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Adam writes:

 

"We can rant and rave about one or another issue, and we shouldit might be productive and satisfying and fun. But I dont think we can isolate one issue and say this is the culprit.

 

Actually, in this case you can rather easily narrrow it down to the Jamboree. When the membership numbers stay in a normal range of fluctuation for 3/4 of the year and then begin to take a noticeable drop during the last 3 months, you must take a look at what happened just before that drop. And that event was the 2005 National Jamboree. The 4th quarter numbers began to show an erosion in membership - then came the disastrous results for the 1st quarter 2006.

 

You seem keen on numbers and analysis, which is a good thing, but the Jamboree tragedy is the most likely culprit in this instance - regardless of your 5 categories.

 

David C. Scott

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I'd argue post hoc doesn't ergo prompter hoc--just because it happens after doesn't mean it happens because of. But it might have. I know of nothing that would rule it out. However, my impression is that lightning is pretty low on people's list of things to take steps against, and this lightning strike went the same way as other natural tragedies in and out of scouting--headline for a day, forgotten tomorrow.

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I think everyone is putting too much thought into the membership decline. The numbers dropped in January, which is recharter time. After all the bad press about ghost units and inflated numbers, my guess is the SE's around the country cleaned their rolls and tried to get the numbers as accurate as possible. With the ACLU threatening lawsuits against the BSA for public school charters, any "ghost units" at public schools certainly disappeared. My guess is the large majority of the drop in numbers was due to this roll cleaning excercise.

I don't see how the Jamboree event affected numbers. Those were adults, not Scouts. I don't know of anyone who even mentioned dropping out because of that.

In our area, membership is up. I'm still convinced that if boys are offered "a game with a purpose" that is fun and exciting, Scouting will thrive.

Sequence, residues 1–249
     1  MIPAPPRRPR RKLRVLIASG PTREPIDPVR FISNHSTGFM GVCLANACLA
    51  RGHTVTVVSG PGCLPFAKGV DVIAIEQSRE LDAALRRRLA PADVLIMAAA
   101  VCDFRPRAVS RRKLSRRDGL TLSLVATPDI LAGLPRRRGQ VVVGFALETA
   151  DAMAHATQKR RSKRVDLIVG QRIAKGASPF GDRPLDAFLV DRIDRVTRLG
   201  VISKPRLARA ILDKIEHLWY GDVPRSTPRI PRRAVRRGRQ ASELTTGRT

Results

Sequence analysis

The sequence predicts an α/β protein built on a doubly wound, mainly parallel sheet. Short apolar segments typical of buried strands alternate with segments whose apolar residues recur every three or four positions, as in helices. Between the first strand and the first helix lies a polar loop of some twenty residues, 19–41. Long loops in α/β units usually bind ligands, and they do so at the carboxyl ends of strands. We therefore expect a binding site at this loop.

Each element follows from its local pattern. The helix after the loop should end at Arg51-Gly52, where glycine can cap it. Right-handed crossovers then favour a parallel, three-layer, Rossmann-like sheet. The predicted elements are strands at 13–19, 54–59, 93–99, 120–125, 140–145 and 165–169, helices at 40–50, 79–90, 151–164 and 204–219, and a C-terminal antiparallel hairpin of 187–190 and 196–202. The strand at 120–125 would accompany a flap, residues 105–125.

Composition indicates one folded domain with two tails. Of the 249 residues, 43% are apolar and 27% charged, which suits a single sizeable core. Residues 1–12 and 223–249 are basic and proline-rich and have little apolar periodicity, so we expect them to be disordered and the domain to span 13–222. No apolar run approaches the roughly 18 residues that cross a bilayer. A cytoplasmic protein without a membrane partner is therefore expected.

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>>but the Jamboree tragedy is the most likely culprit in this instance - regardless of your 5 categories.>Now that the 2005 numbers are out I will forward the following unfortunate observation. I have the 1st quarter numbers and it looks as if there has been a dramatic loss in membership over that 3-month time period.

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David

 

I think it is both naive and rather simplistic to blame the jambo tragedy for loss in Boy scout numbers. I agree with Eagledad and Brent here, losses in large numbers are due to poor programs and untrained leaders. The scandals didn't help either, but on a unit level not a major factor. Where is your evidence to support your case?

 

Losses also occur because professional scouters are setting up weak units with weak leaders to boost their numbers, and they are gone after the first year which also attributes to these losses. Quantity has replaced quality units among professional scouters, and they bear much of the blame for losses in the program. Instead of building their exsisting units into stronger action packed programs, the DE's start another unit with 5 boys and 5 adults who are untrained and have no intention of getting trained and guess what happens? For that year the DE looks good, the next year the council posts a 25% loss of numbers as these units all fold up. So who is to blame, and who has the power to change this pattern of doing business?

 

A hint David, its not the jamborees fault.

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The figures from bsa-discrimination.org don't match the figures put out by the BSA for their end-of-year 2005, which are now up on the BSA website

 

Surprise Surprise Surprise!